Notes by Gavin Morgan, 17th August 2020
The “Black Lives Matters” campaign and debates on decolonisation have highlighted Britain’s imperial past. I thought it would be useful to create a page that records Guildford’s connections with the British Empire. It will be updated as more information becomes available.
The British Empire brought goods, people and wealth to Britain from all over the world so nowhere can say it was untouched. However, Guildford’s connections are very different from those of cities like London, Bristol and Liverpool who were directly connected to the slave triangle. It was also different from industrial cities that grew from the output of machines and infrastructure exported all over the world.
Until the middle of the nineteenth century Guildford was essentially a farming community and due to the dense woodland it was not the centre of major industry. A key exception to this were the Chilworth Gunpowder mills which provided gunpowder throughout period of the empire.
Guildford was, however, on a major route between London and Portsmouth and many people of note would have passed through and stayed at the inns in the High Street.
In the nineteenth century many people settled in Guildford and that included explorers and also (apparently) at lot of retired administrators returning from India. This last point is made in a video about the art in St Nicholas Church.
Here is an initial list of Guildford’s connections:
- Semaphore House, built circa 1820 – part of a line of signal stations between London and Portsmouth.
- Henley Fort and site of Pewley Hill Fort – built in the 1870s at a time of heightened tension between Britain and France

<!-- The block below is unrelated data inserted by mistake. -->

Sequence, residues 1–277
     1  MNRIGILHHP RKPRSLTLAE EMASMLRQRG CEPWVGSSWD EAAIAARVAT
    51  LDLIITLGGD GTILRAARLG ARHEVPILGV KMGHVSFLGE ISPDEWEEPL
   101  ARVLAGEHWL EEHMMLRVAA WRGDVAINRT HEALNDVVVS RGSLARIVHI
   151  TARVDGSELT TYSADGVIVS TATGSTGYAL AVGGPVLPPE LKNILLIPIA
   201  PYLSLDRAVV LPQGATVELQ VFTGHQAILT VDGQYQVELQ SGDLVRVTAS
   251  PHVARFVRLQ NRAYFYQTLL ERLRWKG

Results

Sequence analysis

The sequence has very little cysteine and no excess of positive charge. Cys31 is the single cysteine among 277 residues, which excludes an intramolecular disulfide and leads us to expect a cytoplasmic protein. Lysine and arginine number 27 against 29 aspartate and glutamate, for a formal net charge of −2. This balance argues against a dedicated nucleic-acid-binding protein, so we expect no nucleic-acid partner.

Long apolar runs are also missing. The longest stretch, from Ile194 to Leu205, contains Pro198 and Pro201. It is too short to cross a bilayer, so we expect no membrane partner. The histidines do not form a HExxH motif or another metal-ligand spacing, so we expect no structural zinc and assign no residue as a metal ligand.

- Stoughton Barracks – home of the Queen’s Regiment. In 1851, the Government offered £100,000 to Guildford Corporation for building a barracks for 20,000 soldiers on the Hog’s Back. The offer was declined, but in 1873 Edward Cardwell, Secretary of State for War, decided that Guildford, like all county towns, should have a barracks. Stoughton, still mainly open fields at the time, was selected as the site. Building work was completed in 1876 Chilworth Gunpowder Mills. Click here for more information
- Clandon House and Hatchlands – as major stately homes the owners of these houses were linked to wider political issues. The owner of Clandon married an heiress from a slave owning family. Information can be found on the Surrey History Centre website and also on the UCL Legacies of Slave Ownership website
Locals would have been involved in wars throughout history but particularly the Boer War, First and Second World Wars which captured the public’s imagination. The Crimean War features in Henry Peaks Diaries where he comments on them.
Black History in Surrey
The Surrey History Centre website has a very interesting section on black history
The Surrey History has a section on slavery and Surrey. It is shocking to learn that slave owners were compensated under the Slave Compensation Act of 1837. The compensation has been recorded in the
UCL Legacies of Slave Ownership website and more information about the project can be found it this article